Memorial Day is Monday, and many organizations in the county are planning services and other events for the holiday. All services are Monday unless otherwise noted. Burns Burns Senior Center will have a Memorial Day event at 11 a.m. Saturday. Cedar Point Cedar Point Cemetery will host a Memorial Day service at 9 a.m. Florence A service will be held at 8:30 a.m. at the Mount Calvary Cemetery. Another service will be at 11 a.m. at Hillcrest Cemetery. The Rev. Moon-Hee Chung, of Florence and Aulne United Methodist churches, will give the address. Grant Township Grant Township Cemetery will not have organized services. Hillsboro The Hillsboro chapter of the American Legion will have a Memorial Day service at 10:30 a.m. at Memorial Park in Hillsboro. Retired Army Master Sgt. Roger Sinclair of Hillsboro will speak at the service, which will also include a roll call of departed soldiers and a rifle salute. A steak dinner will be at noon at the American Legion hall for members and guests. The dinner will cost $12. Lincolnville The Rev. Alan Stahlecker of St. John’s Lutheran Church will give an address at Memorial Day services 10:30 a.m. at Lincolnville Cemetery. There will be a rifle salute and playing of “Taps.” The Fenske Family will lead singing. Lost Springs Lost Springs Cemetery will have Memorial Day services at 10 a.m., arranged by the American Legion Auxiliary. Bill Novak II will speak. Marion The Rev. Brett Heubner of Our Savior Lutheran Church will deliver a short address and prayer at 10 a.m. at Marion Cemetery. The service will be at the Civil War Monument. A trumpet trio will play the national anthem. Veterans of Foreign Wars Ladies Auxiliary will decorate the memorial in honor of the dead of all wars. An honor guard will present military honors in memory of departed comrades and the trumpet trio will play “Taps.” After the service, Marion Kiwanis Club will provide refreshments at Marion Elementary School. Peabody American Legion Post 95, American Legion Post 95 Auxiliary, Elmer S. Madsen V.F.W. Post 6229, and Sons of the American Legion Post 95 will sponsor a Memorial Day Service at 10 a.m. Pastor Jim Pohlman of Peabody Christian Church will give the invocation, memorial address, and benediction. Members of the Peabody-Burns High School band will play the “Star-Spangled Banner,” “Amazing Grace,” “America the Beautiful,” and “Taps.” The service will be followed by the annual Memorial Day dinner at the Brown Building from 11 a.m. to 1 p.m. Ramona The Rev. Clark Davis will give an address at the Memorial Day service at 10:30 a.m. at Lewis Cemetery. Jean and Jill Brunner will sing, and Cole Svoboda will play “Taps.” A picnic will follow the service.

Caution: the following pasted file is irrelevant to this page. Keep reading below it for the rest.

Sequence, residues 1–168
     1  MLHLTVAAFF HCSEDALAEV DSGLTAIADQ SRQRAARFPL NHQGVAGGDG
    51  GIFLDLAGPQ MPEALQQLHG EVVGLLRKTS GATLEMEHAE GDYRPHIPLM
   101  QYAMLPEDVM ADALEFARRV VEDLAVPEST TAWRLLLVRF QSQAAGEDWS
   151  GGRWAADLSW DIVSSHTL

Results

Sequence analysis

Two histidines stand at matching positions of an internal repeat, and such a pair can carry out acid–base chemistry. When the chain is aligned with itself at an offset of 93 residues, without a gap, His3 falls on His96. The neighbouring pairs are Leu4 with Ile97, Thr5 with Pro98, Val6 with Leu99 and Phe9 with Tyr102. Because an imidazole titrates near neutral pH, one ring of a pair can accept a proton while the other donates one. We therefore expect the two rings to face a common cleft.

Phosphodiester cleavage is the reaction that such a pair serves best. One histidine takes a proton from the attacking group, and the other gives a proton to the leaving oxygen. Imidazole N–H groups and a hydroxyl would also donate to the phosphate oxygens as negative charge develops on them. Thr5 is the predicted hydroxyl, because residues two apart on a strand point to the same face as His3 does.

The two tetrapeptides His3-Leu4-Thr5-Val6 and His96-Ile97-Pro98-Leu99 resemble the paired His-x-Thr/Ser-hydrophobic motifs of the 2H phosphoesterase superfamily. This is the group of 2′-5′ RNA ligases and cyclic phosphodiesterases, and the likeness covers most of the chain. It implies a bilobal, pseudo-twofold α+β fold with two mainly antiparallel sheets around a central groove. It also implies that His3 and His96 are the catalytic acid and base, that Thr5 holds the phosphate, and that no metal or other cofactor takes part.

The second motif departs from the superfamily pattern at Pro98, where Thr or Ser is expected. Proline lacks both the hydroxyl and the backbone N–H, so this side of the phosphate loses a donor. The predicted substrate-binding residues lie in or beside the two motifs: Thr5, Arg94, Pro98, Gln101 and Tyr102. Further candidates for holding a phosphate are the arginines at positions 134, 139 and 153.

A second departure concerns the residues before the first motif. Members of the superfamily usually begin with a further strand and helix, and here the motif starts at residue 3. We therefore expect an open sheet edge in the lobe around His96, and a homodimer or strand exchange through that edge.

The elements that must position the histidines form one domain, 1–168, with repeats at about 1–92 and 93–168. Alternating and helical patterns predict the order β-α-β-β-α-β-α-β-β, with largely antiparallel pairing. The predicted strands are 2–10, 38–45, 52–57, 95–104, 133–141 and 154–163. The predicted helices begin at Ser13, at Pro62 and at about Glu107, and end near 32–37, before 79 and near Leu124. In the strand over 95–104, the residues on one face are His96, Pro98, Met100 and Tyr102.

• LuElla Bartel

    LuElla Bartel, 91, of Ooltewah, Tenn., died May 21 at Ooltewah. Born Sept. 19, 1918, at Tampa, to Henry and Amelia (Hass) Hoffman, she graduated from Durham High School in 1937.

  • Alva Buller

    Alva L. Buller, 92, of Omaha, Neb., died May 20. Born Sept. 19,1917, at Fairview, Okla., to Benjamin and Anna (Loewen) Buller, he married Martha Mae Eck on April 26, 1942, at Meno, Okla. She died Aug. 5, 1991.

  • Ernest M. Dramer

    Word has been received of the death of Ret. Colonel Ernest M. Dramer, 89, of Albuquerque, N.M., who died May 19. He is the brother-in-law of LaVaughn Klose of Marion. A memorial reception was Thursday morning at French’s Funeral Home in Albuquerque, with interment at the National Cemetery in Santa Fe, N.M.